Green Day’s “Revolution Radio” Album Review

Starting off as a stripped-back punk outlet in the late ‘80s through the ‘90s, and transforming into full-out rock operas in the 2000’s – to say Green Day has a complex progression as a band is an understatement. With their latest release, Green Day take a middle ground with their sound. “Revolution Radio” matches the simplistic but punchy instrumentation of the early days with their bombastic, often political lyrics that the group is typically known for.

Listeners of “Revolution Radio” expect upbeat and pumped-up instrumentation from Green Day–thankfully, this album doesn’t disappoint. “Bang Bang”, “Too Dumb to Die”, and “Bouncing Off the Walls” are easily the most energetic of the songs on this album, with fast-paced guitar and Tre Cool’s drumming being the secret weapon to the band’s raw energy. Even though the music doesn’t diverge too much from the typical pop-punk template, it doesn’t need to.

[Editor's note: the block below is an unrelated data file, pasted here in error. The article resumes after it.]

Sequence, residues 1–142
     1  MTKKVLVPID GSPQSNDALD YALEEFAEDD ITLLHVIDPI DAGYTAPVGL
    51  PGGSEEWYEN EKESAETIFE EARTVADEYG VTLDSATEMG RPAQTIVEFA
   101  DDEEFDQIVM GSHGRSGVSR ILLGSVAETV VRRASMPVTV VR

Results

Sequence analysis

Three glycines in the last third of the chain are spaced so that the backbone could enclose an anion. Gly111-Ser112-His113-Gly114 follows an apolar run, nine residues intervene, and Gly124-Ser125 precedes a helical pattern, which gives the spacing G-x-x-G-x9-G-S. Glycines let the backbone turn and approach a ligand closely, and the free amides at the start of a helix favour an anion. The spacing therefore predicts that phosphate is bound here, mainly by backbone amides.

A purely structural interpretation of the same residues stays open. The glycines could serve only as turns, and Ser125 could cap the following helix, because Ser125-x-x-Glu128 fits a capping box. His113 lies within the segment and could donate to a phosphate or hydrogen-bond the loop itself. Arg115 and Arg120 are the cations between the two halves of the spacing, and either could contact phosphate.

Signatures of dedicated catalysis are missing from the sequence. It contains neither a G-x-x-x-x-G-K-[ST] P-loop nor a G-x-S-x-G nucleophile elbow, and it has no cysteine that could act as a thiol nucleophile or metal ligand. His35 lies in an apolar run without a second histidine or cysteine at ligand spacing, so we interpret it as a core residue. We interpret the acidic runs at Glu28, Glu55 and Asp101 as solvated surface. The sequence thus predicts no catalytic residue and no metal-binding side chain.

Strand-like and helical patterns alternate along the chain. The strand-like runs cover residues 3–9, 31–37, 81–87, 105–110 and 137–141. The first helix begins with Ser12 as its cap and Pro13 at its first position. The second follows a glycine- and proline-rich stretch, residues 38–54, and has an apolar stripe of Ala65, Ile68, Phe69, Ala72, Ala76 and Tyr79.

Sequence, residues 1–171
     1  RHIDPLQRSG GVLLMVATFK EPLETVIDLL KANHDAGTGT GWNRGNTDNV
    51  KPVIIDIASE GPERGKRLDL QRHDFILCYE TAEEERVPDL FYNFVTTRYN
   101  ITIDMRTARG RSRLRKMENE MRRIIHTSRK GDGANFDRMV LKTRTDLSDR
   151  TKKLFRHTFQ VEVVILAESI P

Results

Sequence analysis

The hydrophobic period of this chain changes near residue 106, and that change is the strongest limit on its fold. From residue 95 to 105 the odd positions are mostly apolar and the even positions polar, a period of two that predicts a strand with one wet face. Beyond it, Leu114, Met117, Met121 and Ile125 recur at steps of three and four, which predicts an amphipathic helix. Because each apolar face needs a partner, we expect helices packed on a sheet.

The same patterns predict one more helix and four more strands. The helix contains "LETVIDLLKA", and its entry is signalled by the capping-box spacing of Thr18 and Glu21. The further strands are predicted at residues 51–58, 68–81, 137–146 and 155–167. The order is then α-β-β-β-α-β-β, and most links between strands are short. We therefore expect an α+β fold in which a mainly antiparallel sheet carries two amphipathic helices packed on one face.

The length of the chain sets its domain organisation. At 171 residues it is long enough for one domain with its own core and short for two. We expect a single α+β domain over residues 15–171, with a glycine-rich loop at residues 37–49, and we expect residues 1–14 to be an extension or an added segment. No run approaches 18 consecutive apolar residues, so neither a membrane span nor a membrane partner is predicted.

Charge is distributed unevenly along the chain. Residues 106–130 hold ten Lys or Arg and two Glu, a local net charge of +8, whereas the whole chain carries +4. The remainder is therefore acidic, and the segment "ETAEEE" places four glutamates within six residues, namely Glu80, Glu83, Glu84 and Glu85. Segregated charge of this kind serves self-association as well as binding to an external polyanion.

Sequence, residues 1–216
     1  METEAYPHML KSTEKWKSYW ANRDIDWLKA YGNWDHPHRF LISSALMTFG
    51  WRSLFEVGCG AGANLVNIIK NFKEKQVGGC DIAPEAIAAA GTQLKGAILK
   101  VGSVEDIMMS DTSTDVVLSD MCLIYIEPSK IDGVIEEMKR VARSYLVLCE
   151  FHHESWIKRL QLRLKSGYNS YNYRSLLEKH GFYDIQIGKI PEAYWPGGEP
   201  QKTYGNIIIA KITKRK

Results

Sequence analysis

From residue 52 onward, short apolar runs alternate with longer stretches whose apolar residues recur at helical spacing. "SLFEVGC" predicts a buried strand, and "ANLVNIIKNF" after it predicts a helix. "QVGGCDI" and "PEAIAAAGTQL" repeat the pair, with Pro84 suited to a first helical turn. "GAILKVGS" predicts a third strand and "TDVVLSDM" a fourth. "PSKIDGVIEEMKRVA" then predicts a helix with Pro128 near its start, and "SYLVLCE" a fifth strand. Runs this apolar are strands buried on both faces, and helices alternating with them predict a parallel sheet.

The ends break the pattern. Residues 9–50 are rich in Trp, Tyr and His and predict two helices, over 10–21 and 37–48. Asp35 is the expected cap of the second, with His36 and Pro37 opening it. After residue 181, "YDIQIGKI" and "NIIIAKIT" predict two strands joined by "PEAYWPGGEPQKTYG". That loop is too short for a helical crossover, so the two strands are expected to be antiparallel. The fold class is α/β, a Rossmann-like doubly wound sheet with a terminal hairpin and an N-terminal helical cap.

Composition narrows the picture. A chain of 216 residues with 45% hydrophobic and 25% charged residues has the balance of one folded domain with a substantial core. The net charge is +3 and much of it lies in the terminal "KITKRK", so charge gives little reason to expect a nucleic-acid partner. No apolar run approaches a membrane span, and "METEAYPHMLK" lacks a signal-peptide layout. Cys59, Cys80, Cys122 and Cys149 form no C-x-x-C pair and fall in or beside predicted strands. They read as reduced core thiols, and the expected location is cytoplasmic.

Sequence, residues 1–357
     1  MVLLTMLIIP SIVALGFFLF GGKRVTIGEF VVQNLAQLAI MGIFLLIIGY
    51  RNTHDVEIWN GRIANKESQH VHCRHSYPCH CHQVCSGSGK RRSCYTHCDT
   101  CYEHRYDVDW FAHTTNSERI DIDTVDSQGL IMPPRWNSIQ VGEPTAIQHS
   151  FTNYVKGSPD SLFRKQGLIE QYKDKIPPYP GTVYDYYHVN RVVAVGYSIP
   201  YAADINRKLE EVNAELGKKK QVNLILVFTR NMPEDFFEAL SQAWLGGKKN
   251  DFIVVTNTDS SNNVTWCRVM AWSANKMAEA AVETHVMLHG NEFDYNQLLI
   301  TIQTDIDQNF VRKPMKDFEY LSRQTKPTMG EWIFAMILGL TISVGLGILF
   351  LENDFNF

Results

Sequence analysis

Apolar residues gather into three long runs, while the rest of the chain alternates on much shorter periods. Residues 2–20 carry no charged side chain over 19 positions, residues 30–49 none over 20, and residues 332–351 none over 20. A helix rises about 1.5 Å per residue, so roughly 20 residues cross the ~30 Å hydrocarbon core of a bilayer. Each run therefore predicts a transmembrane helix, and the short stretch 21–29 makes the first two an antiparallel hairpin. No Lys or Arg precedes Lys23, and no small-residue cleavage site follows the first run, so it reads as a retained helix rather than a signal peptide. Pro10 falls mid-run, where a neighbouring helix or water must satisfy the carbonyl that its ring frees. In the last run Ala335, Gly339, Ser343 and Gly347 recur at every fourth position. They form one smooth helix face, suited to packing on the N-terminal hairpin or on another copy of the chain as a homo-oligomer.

Illustrator: Katie Heywood

Illustrator: Katie Heywood

Lyrically, however, this album isn’t all that special. When it comes to the political tracks, the band doesn’t go too far in depth with their commentary; “Say Goodbye” and “Troubled Times” are good examples of this lack of depth. Where it does gets more interesting are the tracks reminiscing Green Day’s humble beginnings like “Outlaws” and “Ordinary World” (the latter of which is very comparable to “Good Riddance (Time of Your Life)”).

Fans of Green Day and pop-punk will enjoy this album plenty, even if it isn’t quite to the level of their ‘90s and early 2000’s material. Either way, if you want a fix of great rock/punk music, “Revolution Radio” will get your blood pumping.